Campus History

On my first visit to the site, the land spoke to me as to what it wanted to become. We now have the pleasure of guiding true transformation.

Owner, EIGHTFOLD

Even as Austin continues to grow and evolve, the city’s core vision continues to reflect opportunity, creativity and sustainability. Austin metropolitan’s population is quickly nearing two million. Our city is defined as one of the most innovative hubs in the nation. From 1974 to the early 2000’s, Austin’s Motorola plant—now home to EIGHTFOLD—proved itself as a beacon of prosperity for its residents by bringing technology, jobs and a brighter energy to the community. EIGHTFOLD is honored to be the successor to Motorola’s legacy as the campus continues to thrive. A snapshot in time reveals monumental new development stemming from a rich history of more than forty years.

In 1974, Motorola expanded its base from Phoenix and chose Austin as the destination to build its first chip plant in central Texas. Austin’s population was barely reaching 300,000 at the time. This new plant was a catalyst to the city’s growth. The prospect of new jobs made living in Austin seem more abundant and many residents were excited to support such an enterprising company. Motorola’s presence had a significant local impact and a broader, national and global effect as well. The MOSB project organized by Motorola Semiconductor put Austin on the map as a leader in chip fabrication and manufacturing in the 80’s and 90’s. The company continued to grow in scale and technological force. Motorola and the EIGHTFOLD campus establish a precedent that Austin, as a city, is capable of great innovation and community success.

Completing this Austin growth, Motorola built five chip plants, hired thousands of workers and designed products that would revolutionize technology. Austin Community College had just been established and Austin City Limits was just beginning its national television broadcast of live music performances. And Austin’s homegrown Whole Foods Market wouldn’t be born for another 6 years. It was a different city and a different time and it was just the beginning of decades of explosive growth.

MOS8, a project name given by Motorola, has been re-imagined with a new team and energy aligned on a sole purpose to do right by the land and future tenants. Re-imagined as EIGHTFOLD (homage to the Buddhist Eightfold Noble Path) the land now guides us to do right for greater reward. It will be a place where work and life intersect and flow.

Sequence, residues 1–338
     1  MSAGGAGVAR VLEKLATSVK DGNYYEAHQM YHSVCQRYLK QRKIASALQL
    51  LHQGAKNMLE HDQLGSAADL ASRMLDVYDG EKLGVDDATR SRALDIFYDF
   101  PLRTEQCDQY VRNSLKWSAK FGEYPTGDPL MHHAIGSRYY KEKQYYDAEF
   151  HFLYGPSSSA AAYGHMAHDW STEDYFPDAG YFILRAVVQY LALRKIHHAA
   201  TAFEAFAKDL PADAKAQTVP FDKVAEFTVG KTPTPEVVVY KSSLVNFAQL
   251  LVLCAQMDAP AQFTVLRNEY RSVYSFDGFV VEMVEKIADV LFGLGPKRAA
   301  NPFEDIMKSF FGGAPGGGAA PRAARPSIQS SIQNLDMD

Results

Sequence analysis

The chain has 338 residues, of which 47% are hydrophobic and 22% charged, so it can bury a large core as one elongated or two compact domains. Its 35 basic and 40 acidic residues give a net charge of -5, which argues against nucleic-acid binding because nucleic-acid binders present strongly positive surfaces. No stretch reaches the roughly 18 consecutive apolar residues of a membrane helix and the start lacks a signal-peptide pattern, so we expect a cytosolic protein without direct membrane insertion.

MOS8 was a technological force and industry trend-setter in the 80s and 90s, employing more than 11,000 in Austin alone. Motorola Semiconductor was instrumental in playing a huge part in launching Austin as a leader in the chip fabrication and manufacturing. According to Bill Walker, Motorola General Manager, “They were doing something that nobody else had done at the time.”

In 2004, Motorola reorganized and spun off its semiconductor business, which became Freescale Semiconductor. Beginning with great promise, a 2006 buyout led to an extended financial struggle. This led to NXP Semiconductors purchasing Freescale resulting in an entity that is one of the top 10 global chip manufacturers. Analyst Patrick Moorhead of Moor Insights & Strategy said that even though Austin lost a company headquarters “There is no other city in the world that has what we have — the engineering brainpower and the experience to create advanced new products.”

This building complex has changed business names over the years. The buildings are solidly constructed in a premium location on the east side of Austin and positioned 15 minutes from both the airport and downtown. The campus has an electrical substation (enough to power a city the size of Georgetown) and is situated between the NXP and HP campuses, encompassing eight buildings and parking garages covering 109 acres located at 3443 Ed Bluestein Rd. This former fabrication plant will be transformed into a vibrant mixed-use space; a one-stop experience for anyone who works here. It will house a gourmet grocer, boutique hotel, restaurants, retail and class A office space for medical labs, data centers and creative art spaces. Culture-centric companies who value the human interactions of their work force will have a place to call home.

The energy pulsing through Austin is much like the energy we felt here forty years ago.